I had a placement this afternoon where the class, in fact, the entire school, had opportunity to watch a morning theater performance, “Emily Carr – Small Wonders” performed by
Canadiana Musical Theatre. So, it only made sense that I follow that with an art extravaganza in the Grade 2 class. This class has been helping me with my french lately and this has been great fun.
The inspiration for this lesson comes from Hilary Inwood. I’ve been pouring over her stuff the past couple of weeks, absolutely in love with the types of small books, and works based on nature and ecology that she has been writing about and creating. She has a large publication list and I encourage my friend-educators to look her up. As my readers know, I’m quite big on picking up litter and being a steward of my environment. I harvested from my own recycle bin and cut up three cardboard boxes this morning to be used in this activity.
First, we got the projector warmed up and watched a couple of short movies about Emily Carr, the artist. While the children enjoyed the morning performance, they didn’t have opportunity to learn a lot about Emily’s art. As we looked at several tree and landscape images, we talked about the wind and about the blowing shapes, in the sky, on the land and in the trees. There was a bit of chat about British Columbia and the big tall evergreen trees and imagining walking through the woods there in the dark.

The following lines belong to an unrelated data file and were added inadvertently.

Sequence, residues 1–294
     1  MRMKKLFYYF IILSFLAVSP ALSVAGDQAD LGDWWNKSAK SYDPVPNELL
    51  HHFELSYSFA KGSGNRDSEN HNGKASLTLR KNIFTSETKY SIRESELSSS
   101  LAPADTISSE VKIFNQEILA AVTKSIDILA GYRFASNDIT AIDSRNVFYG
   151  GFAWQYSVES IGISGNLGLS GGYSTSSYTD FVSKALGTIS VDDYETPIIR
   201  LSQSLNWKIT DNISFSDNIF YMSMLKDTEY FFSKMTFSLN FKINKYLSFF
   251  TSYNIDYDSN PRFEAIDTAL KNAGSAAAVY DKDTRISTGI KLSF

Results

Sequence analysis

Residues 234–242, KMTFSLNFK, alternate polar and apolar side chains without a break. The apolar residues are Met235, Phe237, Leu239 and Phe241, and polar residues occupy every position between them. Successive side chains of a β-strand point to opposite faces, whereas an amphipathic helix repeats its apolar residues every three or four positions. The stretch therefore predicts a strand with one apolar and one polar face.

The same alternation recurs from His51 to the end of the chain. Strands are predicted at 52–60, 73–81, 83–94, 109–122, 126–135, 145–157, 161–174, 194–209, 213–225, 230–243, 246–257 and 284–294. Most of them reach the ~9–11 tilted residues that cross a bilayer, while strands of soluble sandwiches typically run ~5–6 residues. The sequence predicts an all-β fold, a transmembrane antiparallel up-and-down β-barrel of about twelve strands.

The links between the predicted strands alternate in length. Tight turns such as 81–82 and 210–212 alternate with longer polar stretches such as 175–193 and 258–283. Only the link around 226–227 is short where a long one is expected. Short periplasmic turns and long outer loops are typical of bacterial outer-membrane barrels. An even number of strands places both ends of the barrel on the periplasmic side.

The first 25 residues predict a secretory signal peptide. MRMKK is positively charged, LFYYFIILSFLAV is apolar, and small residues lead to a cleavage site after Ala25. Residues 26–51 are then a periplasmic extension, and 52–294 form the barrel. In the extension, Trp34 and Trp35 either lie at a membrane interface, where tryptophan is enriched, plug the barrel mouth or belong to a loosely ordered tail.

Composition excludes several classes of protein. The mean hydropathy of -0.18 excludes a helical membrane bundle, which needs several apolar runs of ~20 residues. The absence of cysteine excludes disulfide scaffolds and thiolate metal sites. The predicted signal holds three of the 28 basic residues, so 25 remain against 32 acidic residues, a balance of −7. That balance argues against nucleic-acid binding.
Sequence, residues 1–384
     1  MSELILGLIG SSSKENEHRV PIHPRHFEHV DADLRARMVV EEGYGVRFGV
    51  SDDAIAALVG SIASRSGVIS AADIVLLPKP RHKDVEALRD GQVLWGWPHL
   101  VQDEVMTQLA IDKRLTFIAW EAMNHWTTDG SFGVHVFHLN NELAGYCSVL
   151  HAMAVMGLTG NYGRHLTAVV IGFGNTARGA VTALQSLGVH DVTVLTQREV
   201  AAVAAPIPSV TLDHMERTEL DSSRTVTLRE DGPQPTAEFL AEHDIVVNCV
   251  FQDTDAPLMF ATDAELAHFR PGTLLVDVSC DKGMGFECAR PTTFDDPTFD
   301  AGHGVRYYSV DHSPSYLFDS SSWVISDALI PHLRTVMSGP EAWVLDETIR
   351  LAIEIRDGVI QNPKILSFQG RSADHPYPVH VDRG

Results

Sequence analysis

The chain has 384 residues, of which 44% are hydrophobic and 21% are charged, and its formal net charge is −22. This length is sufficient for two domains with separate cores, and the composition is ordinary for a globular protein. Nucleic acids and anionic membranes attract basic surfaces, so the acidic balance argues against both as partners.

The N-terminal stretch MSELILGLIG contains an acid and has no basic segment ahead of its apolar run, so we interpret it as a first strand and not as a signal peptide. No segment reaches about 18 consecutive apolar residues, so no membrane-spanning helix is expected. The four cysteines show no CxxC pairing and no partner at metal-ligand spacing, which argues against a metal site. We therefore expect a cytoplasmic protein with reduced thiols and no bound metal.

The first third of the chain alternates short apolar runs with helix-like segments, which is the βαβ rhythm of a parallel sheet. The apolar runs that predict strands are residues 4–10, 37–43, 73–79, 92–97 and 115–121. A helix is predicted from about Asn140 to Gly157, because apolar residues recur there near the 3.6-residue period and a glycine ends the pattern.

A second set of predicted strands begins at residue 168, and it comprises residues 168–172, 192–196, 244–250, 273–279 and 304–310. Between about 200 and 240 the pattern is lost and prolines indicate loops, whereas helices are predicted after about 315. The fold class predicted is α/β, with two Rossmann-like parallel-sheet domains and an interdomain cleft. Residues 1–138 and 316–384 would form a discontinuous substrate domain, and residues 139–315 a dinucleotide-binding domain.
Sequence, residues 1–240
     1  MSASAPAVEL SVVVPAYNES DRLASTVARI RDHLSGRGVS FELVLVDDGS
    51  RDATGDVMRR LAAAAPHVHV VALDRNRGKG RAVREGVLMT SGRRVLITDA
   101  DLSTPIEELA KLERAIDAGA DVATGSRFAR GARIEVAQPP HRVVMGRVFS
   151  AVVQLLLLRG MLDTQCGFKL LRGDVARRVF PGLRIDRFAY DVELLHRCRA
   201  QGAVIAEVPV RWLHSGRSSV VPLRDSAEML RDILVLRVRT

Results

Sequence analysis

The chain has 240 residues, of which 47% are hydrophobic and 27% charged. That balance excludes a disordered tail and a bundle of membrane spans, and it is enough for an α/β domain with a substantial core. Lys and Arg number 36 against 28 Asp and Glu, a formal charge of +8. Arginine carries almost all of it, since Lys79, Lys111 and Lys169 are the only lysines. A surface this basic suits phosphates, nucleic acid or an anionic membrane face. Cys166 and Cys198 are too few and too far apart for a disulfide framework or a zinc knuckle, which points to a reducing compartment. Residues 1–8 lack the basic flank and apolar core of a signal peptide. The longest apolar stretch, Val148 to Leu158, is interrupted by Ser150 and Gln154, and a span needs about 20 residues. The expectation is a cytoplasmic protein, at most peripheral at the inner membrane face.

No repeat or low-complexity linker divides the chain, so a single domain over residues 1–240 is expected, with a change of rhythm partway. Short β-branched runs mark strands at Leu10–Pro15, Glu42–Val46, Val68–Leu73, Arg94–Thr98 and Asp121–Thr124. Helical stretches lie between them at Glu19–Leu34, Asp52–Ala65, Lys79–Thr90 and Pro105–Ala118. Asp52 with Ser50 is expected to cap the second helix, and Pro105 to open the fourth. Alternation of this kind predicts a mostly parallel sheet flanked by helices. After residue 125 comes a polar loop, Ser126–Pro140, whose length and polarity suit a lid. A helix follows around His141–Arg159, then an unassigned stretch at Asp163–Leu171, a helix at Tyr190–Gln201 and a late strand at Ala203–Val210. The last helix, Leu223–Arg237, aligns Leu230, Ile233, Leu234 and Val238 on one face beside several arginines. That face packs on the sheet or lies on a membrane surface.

Before recess, we opened nine factories, most having two factory workers, but some, having three. I reused chart paper that was set aside in the art storage room, as factory place mats, deciding to use that for collage paper later on as well. Here, the students prepared a lot of collage papers in the approach of Henri Matisse, to be later selected and used for creating a personal landscape in the manner and energy of Emily Carr.
So, the factory workers went to work, using white, yellow, turquoise, green and blue tempera paint blocks and large brushes. A helpful tip is to keep paint blocks out of the individual cupped containers as those are very tricky to clean. Instead, I just set them out on palettes or margarine container lids. Much easier to wipe off afterwards. Reminders to the students: “Stroke, don’t scrub, your brushes.”
The students entered, rosy cheeked and eager. I projected the following image for some sketching in their sketch books. I also demonstrated how when we draw evergreen trees, we don’t have to draw all of the individual branches, but can draw big clumps of branches all at one time. Among the Firs 1931
To begin our compositions, we sorted our papers into two big piles on the floor, like piles of leaves. We talked about the way the wind blows most of the time…side to side…this way and that…most of the time it’s not going up and down. So, I initially requested a vertical composition (up and down), with the wind motion being wavy, but side to side. “Mix up your papers, guys, to get lots of variety!” I had brought a long a bag full of cardboard cut to size (different sizes and shapes) for compositions and a variety of tree trunks, strips also cut out of boxes.
I showed them Above the Gravel Pit by Emily Carr.
With advanced and Division II classes, you might add three layers of hills (foreground/middle ground and background)…and several trees. At all grade levels, given time, you might also want to add textures/shading/highlighting onto the tree forms with oil pastel, before gluing. Because this is a young group and I am a visiting teacher, one tree did the trick!
Thank you, Grade 2, for the magic of an afternoon making art!